Deep brain stimulation in dystonia: is it a long-term effective and safe treatment?


In the November issue of JNNP, Meoni and colleagues have published an interesting observational retrospective study exploring the long-term effect of pallidal deep brain stimulation (DBS) on motor and functional disability in patients with idiopathic, inherited and acquired dystonia. DBS is a neuromodulatory strategy base on a brain implanted electronic device used to modulate the neuronal functioning in a particular brain region or network. DBS of the globus pallidus internus (Gpi) has been demonstrated to be an effective treatment that improves motor symptoms and disability in patients with idiopathic and inherited dystonia. However, DBS has been suggested to be less effective in acquired dystonia. Until now, the long-term efficacy and safety of DBS in patients with idiopathic, inherited and acquired dystonia have not been previously established.

The authors studied a cohort of sixty-one patients with medication-refractory dystonia who were absent of active severe psychiatric symptoms or medical contraindications for surgery. Patients included were videotaped and assessed preoperatively and postoperatively (follow-up 7.9 ± 5.9 years) using the Burke-Fahn-Marsden Dystonia Rating Scale, which includes motor and functional disability scores. Patients with idiopathic and inherited isolated dystonia presented a significant improvement of motor symptoms at 1 year (58% improvement of motor score), which was maintained at the last follow up (57%). Patients with acquired dystonia only had modest motor improvement, which remained stable over time. Regarding disability scores, patients with idiopathic and inherited isolated dystonia presented with a significant improvement both at 1 year (37.4%) and at the last follow-up (23.3%), in comparison with assessment before DBS implantation. Interestingly, there was a trend to lose this improvement over time. Patients with acquired dystonia also had significant improvement in the disability score at 1 year follow-up (23.4%), but lost this effect over time. Finally, seven patients (11.4%) had surgery related complications and fourteen patients (22.9%) presented stimulation induce dysarthria. There were no permanent neurological deficits in patients who presented with adverse events.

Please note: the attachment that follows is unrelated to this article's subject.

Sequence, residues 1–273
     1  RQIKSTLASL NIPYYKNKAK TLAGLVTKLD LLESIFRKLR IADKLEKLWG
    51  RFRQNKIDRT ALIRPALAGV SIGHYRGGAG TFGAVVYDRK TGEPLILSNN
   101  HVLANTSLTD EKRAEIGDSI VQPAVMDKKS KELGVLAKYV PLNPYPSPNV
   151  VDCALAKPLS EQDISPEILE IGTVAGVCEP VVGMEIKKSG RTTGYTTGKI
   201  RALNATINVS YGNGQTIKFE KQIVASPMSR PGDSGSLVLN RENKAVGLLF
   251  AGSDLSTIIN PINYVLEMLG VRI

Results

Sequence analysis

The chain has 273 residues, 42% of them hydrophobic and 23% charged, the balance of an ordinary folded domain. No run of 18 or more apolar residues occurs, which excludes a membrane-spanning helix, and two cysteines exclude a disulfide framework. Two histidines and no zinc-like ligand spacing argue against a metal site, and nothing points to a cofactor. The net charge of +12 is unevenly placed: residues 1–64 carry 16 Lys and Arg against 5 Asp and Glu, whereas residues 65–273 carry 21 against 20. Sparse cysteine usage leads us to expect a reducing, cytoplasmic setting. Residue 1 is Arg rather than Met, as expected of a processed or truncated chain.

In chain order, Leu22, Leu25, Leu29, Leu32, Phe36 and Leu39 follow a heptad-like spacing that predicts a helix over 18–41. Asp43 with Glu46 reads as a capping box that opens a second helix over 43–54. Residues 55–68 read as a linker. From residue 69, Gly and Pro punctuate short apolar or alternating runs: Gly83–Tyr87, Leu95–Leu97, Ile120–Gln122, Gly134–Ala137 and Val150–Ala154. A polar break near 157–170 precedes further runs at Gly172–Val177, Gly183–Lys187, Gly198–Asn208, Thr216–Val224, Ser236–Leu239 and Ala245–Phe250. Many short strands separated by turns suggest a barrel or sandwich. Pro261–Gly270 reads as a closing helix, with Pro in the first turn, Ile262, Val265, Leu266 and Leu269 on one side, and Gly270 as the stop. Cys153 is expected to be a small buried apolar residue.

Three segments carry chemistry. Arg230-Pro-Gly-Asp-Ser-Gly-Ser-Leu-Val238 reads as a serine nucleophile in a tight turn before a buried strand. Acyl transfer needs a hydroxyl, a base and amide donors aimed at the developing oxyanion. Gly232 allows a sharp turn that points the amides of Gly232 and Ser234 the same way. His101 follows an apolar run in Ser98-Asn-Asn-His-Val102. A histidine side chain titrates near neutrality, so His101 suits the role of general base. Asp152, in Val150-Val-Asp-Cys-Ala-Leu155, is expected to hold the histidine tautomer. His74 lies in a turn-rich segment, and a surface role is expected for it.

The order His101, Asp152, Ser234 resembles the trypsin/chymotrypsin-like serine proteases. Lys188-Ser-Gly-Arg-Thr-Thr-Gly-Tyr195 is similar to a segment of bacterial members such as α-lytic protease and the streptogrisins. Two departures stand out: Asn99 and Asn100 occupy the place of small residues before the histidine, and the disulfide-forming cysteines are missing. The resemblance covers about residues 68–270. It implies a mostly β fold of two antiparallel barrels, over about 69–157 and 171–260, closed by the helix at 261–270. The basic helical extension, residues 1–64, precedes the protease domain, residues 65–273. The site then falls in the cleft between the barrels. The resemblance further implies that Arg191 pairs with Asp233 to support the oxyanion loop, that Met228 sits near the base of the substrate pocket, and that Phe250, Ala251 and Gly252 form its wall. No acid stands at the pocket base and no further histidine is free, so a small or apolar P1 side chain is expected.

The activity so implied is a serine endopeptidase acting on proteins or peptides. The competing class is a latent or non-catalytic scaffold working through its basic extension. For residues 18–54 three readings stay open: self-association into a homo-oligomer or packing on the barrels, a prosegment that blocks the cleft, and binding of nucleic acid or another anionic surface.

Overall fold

Figure 1. Deep brain stimulation of the globus pallidus internus in dystonia. (A) Anatomy of the basal ganglia. (B) Deep brain stimulation device. DBS: deep brain stimulation; GPi: globus pallidus internus; GPe: globus pallidus externus.


DBS has been increasingly used in a variety of movement disorders since its introduction into the therapeutic armamentarium in the 90s, and its use has been particularly represented in essential tremor, Parkinson´s disease, and dystonia. Even though its precise mechanism of action is not fully understood, its effects on local excitatory and inhibitory circuits, together with brain network modulations, results in significant symptomatic improvement in these movement disorders. The present study demonstrates that pallidal DBS is an effective and safe treatment for dystonia and has confirmed the poorer long-term outcome in patients with acquired dystonia in keeping with previous studies. Further studies are now required to carefully define prognostic factors and improve patient selection.





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